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Americans are working longer but aren’t as healthy

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Americans born in 1960 will be able to start collecting their full Social Security retirement check at the age of 67—two years later than their parents—because of a change in the federal retirement age enacted in 1983.

But today’s pre-retirement generation already has more health issues and health-related limits than prior generations did when they were in their late 50s.

The findings suggest that today’s older workers will face more challenges than their predecessors as they continue to work, seek work, apply for Social Security disability payments, or try to retire on other income over the next decade.

“…younger cohorts are facing more burdensome health issues, even as they have to wait until an older age to retire, so they will have to do so in poorer health.”

The findings also have implications for any proposals to change the Social Security retirement age, pushing it higher for people now in their 50s and below in order to stretch the federal budget.

“Other research has found similar trends in the health of Americans who are now in the 50s and 60s, but this is the first study to look specifically at groups, or cohorts, of Americans by Social Security retirement age, which has specific policy implications,” says HwaJung Choi, research assistant professor of general medicine at the University of Michigan Medical School and lead author of the study in Health Affairs.

“We found that younger cohorts are facing more burdensome health issues, even as they have to wait until an older age to retire, so they will have to do so in poorer health,” says coauthor Robert Schoeni, an economist and demographer.

Last year, Choi and Schoeni published a paper looking at health-related limitations among people who were in their late 50s and 60s from 1998 to 2012, that showed that while trends were stable, those with less education and more economic issues related to the Great Recession had worse health.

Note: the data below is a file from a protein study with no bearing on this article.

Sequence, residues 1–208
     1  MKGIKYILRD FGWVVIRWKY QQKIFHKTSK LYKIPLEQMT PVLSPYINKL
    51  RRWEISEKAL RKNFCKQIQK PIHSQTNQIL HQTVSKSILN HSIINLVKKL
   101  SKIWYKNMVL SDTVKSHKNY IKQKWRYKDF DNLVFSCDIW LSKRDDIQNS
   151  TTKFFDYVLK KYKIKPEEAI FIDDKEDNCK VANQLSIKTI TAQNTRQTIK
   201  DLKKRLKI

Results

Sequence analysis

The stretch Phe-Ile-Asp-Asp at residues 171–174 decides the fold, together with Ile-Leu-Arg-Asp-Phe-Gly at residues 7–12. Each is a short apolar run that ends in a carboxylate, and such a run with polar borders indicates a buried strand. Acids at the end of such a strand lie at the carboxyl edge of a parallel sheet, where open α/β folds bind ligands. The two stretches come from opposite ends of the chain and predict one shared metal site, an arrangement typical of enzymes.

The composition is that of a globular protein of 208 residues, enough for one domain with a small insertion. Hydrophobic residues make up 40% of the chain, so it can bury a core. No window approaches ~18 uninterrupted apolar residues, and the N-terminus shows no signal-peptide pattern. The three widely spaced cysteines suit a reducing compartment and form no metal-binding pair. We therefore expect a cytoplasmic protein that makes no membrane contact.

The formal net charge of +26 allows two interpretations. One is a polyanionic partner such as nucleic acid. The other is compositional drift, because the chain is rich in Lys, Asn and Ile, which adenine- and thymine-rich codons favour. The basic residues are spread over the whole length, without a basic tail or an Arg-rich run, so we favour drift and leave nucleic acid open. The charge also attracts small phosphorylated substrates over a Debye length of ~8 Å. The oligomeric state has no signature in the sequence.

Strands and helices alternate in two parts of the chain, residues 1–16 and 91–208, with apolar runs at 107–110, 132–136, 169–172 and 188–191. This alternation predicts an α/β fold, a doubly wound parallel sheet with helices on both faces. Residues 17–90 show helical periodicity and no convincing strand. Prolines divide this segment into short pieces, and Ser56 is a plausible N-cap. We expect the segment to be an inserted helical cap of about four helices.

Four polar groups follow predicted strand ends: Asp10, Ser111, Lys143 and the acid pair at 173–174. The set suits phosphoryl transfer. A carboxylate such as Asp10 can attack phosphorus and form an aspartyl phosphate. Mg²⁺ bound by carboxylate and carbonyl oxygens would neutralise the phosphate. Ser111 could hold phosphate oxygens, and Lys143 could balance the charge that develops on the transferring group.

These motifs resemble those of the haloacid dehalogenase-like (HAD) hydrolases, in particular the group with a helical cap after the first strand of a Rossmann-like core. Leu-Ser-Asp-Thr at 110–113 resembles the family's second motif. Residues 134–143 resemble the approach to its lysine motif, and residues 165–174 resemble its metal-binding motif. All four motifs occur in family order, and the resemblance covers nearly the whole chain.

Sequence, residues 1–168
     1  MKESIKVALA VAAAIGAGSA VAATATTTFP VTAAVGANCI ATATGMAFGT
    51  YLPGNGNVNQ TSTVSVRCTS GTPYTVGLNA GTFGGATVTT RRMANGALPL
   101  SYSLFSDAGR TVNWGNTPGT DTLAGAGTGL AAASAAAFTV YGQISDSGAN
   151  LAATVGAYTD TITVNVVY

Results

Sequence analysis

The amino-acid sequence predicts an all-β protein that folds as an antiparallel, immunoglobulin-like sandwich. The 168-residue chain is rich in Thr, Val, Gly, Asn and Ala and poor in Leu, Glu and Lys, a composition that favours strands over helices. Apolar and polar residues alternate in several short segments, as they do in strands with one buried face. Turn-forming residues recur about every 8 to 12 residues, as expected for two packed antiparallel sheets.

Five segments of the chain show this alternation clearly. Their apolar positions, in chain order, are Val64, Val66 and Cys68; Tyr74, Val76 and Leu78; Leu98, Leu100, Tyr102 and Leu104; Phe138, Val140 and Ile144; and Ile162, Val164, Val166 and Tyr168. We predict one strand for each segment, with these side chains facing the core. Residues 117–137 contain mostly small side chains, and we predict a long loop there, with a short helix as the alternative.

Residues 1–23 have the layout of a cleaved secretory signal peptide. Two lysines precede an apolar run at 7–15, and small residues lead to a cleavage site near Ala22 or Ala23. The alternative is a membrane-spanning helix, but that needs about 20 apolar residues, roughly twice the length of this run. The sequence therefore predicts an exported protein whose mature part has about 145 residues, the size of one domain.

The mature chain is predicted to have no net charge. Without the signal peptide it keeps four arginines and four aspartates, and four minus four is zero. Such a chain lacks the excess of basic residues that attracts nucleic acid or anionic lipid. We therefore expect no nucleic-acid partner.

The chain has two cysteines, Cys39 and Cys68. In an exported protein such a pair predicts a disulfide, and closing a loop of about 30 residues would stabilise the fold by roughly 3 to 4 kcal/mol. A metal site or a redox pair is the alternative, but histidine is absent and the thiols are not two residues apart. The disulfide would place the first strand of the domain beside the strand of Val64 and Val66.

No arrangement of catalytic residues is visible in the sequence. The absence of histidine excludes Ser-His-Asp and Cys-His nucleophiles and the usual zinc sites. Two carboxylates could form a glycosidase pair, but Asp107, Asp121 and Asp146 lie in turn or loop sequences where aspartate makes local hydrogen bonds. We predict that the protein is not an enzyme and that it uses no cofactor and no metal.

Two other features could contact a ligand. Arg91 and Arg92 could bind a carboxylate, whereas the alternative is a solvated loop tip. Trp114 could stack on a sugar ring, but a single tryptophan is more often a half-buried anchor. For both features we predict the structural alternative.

Across the decades

The new paper used data from the NIA-funded Health and Retirement Study based at ISR, and from the National Health Interview Survey that the Centers for Disease Control and Prevention run.

Both studies go back decades, and provide in-depth data from people of different ages—making it possible to see how different age cohorts were doing at different times.

For the current study, researchers grouped older Americans into five birth cohorts: those who could receive their full Social Security benefits at 65 because they were born in 1937 or earlier, those born during 1938-1942 who could claim benefits sometimes during the year they turned 65, those born between 1943 and 1954 who could claim at age 66, those born between 1955 and 1959 who can claim full benefits somewhere between ages 66 and 67, and those born in 1960 to 1962, who are the first group to have to wait until age 67 to collect their full Social Security benefit.

The findings show:

  • People born later, who have to wait longer to receive their full Social Security benefits, tend to have higher rates of poor cognition, such as memory and thinking ability, in their 50s than the earlier cohort groups had at a similar age.